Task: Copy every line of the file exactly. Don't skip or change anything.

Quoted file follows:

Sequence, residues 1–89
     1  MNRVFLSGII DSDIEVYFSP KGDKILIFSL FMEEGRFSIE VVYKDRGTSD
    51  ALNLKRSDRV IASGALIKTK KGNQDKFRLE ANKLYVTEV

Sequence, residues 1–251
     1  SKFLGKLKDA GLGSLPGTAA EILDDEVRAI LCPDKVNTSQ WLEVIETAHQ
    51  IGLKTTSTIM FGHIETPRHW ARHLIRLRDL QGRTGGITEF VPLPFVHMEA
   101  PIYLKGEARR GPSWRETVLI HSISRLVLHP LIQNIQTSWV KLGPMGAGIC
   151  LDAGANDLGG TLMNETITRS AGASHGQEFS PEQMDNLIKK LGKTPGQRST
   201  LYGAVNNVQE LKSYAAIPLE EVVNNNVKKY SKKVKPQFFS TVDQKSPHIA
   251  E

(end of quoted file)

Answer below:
Sequence, residues 1–89
     1  MNRVFLSGII DSDIEVYFSP KGDKILIFSL FMEEGRFSIE VVYKDRGTSD
    51  ALNLKRSDRV IASGALIKTK KGNQDKFRLE ANKLYVTEV

Sequence, residues 1–251
     1  SKFLGKLKDA GLGSLPGTAA EILDDEVRAI LCPDKVNTSQ WLEVIETAHQ
    51  IGLKTTSTIM FGHIETPRHW ARHLIRLRDL QGRTGGITEF VPLPFVHMEA
   101  PIYLKGEARR GPSWRETVLI HSISRLVLHP LIQNIQTSWV KLGPMGAGIC
   151  LDAGANDLGG TLMNETITRS AGASHGQEFS PEQMDNLIKK LGKTPGQRST
   201  LYGAVNNVQE LKSYAAIPLE EVVNNNVKKY SKKVKPQFFS TVDQKSPHIA
   251  E